Pet Diabetes and Obesity: Prevention, Treatment, and Awareness

A woman staring down a dog over a piece of cheeseAlthough the topic of pet diabetes is not particularly fun, it is important. Since November is National Diabetes Month, we want to raise awareness and focus on prevention of this all-too-common disease.

While diabetes can take a heavy toll on a pet’s health, it’s important to understand that type II diabetes is actually preventable. For pets who have already been diagnosed, it may be comforting to know they can still lead relatively normal, healthy lives with the correct treatment plan.

Why the Rise in Pet Diabetes?

Similar to people, the rate of diabetes among pets has risen. In the U.S., it’s estimated that 1 in 200 dogs and 1 in 150 cats will develop the disease in their lifetime.

Although there are several factors that contribute to diabetes (breed, medical history, etc.), the strongest links have been identified as obesity and age. In fact, most pets who are diagnosed are over the age of 10.

Symptoms and Diagnosis

With type II diabetes, the body cannot produce enough insulin to process all the glucose (sugar) that’s being absorbed from food. This results in high levels of sugar building up the bloodstream (i.e., high blood sugar).

Symptoms of the disease develop over time and differ slightly among cats and dogs. For example, cats often experience muscle weakness and lameness while dogs are prone to cataracts. Typical signs of diabetes include:

  • Increased thirst and urination
  • Weight loss
  • Changes in appetite
  • Lack of energy
  • Cloudy eyes
  • Renal issues, including urinary tract infections

Since these symptoms can be indicative of other diseases, the only way to receive an accurate diagnosis is through blood work and urinalysis. Early detection is also critical to prevent the onset of more severe secondary conditions, so contact us immediately if you observe any of these symptoms in your pet.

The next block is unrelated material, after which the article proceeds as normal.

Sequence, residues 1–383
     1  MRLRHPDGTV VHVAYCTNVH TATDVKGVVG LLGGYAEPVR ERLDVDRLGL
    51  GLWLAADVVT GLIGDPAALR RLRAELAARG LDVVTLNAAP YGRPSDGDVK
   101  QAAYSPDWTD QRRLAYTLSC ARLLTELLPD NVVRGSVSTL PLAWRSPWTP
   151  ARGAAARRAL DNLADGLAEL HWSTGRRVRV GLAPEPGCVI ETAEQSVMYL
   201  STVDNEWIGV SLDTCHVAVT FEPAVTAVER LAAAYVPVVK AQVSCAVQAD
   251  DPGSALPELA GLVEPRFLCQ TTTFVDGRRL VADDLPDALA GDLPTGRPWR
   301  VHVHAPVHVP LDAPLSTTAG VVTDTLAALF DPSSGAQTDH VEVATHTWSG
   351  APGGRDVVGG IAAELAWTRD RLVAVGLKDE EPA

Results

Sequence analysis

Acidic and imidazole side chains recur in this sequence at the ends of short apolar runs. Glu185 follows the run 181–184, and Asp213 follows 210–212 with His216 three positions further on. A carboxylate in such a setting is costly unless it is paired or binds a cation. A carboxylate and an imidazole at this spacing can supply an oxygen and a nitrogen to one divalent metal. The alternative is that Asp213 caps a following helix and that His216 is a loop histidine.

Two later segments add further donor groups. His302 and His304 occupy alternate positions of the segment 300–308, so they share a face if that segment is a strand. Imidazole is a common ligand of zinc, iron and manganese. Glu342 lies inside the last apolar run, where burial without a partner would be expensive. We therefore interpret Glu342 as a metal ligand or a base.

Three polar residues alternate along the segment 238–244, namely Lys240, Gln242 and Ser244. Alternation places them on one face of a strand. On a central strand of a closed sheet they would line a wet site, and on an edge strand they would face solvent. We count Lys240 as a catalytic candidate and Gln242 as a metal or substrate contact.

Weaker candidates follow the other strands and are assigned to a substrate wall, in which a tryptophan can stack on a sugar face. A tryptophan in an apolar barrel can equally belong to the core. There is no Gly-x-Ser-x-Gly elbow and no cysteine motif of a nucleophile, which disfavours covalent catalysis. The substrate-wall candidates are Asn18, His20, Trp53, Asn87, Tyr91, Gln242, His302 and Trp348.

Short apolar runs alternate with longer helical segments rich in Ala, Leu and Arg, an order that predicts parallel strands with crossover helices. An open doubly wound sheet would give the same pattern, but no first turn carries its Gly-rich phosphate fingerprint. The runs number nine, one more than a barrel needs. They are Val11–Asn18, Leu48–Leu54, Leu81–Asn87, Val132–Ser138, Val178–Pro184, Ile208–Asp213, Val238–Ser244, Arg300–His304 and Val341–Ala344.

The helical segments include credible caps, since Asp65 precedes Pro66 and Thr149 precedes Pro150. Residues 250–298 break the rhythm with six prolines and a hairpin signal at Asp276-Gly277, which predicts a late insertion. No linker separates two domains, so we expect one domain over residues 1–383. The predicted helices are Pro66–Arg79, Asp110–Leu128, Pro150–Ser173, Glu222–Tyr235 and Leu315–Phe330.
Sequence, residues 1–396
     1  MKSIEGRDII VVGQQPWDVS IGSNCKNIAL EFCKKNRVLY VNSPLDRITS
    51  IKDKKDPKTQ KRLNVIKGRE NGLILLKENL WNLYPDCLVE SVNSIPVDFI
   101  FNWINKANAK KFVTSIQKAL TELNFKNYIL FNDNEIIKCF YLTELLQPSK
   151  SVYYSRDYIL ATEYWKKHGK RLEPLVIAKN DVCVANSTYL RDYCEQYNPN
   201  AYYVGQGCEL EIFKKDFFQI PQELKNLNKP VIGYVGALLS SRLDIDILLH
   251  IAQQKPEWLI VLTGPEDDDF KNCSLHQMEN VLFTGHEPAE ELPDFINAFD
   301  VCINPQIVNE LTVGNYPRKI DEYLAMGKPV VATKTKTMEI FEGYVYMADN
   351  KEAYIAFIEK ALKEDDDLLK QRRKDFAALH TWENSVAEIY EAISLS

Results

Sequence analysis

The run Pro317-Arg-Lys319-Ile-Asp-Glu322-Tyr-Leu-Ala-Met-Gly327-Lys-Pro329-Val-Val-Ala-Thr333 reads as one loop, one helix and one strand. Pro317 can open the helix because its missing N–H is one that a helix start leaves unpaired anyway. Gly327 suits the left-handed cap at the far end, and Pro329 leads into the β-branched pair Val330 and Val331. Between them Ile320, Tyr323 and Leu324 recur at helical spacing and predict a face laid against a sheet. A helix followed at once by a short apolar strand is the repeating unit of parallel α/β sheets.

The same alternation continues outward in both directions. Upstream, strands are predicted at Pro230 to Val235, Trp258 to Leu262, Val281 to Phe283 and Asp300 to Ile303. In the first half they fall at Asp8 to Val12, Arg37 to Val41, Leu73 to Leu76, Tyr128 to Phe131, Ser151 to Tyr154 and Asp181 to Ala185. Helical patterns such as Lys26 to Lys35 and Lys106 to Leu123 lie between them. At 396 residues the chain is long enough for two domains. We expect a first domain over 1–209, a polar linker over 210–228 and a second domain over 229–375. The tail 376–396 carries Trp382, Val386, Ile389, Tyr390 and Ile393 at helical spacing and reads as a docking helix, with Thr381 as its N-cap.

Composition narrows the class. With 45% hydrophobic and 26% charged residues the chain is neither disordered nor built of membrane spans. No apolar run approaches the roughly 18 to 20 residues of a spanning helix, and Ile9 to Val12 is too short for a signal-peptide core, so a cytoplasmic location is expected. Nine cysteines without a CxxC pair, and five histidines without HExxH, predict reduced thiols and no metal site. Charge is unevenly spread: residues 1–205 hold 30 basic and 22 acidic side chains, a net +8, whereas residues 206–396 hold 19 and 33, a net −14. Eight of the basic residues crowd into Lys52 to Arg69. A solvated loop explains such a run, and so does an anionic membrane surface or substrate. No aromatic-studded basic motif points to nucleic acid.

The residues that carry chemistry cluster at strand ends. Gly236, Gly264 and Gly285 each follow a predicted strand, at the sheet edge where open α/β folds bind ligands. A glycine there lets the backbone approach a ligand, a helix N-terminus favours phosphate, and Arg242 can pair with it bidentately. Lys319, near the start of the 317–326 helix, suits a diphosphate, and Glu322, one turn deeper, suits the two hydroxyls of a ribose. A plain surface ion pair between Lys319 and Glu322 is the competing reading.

What You Can Do as a Pet Owner

There are many things you can do to reduce the risk of diabetes in your pet:

  • Monitor your pet’s weight (even 1-2 pounds can add up to a substantial percentage of total weight)
  • Provide a high-quality, nutritious diet (ask us for recommendations)
  • Avoid feeding your pet table scraps/people food
  • Exchange treats for more quality time with you and verbal praise
  • Schedule annual wellness exams (twice yearly for senior pets)
  • Provide 30 minutes of exercise each day

Treating the Disease – A Personalized Approach

If your pet has been diagnosed with diabetes, you may feel a little overwhelmed and worried about the treatment, as well as his or her chances of living a healthy life.

At Prairie Ridge Veterinary Clinic, our patients are given a customized treatment plan. Progression of the disease and the occurrence of secondary complications varies with each pet, which is why we emphasize an individualized approach. We also want owners to feel confident and comfortable with at-home care, which often includes insulin injections.

In addition to medication and medical management, there are many aspects of nutrition, exercise, and daily care that can be enhanced to support your pet’s wellbeing.

If you would like to learn more about our comprehensive approach to treating pet diabetes, please schedule an appointment with us today.

posted in:  Pet Health  |  Pet Safety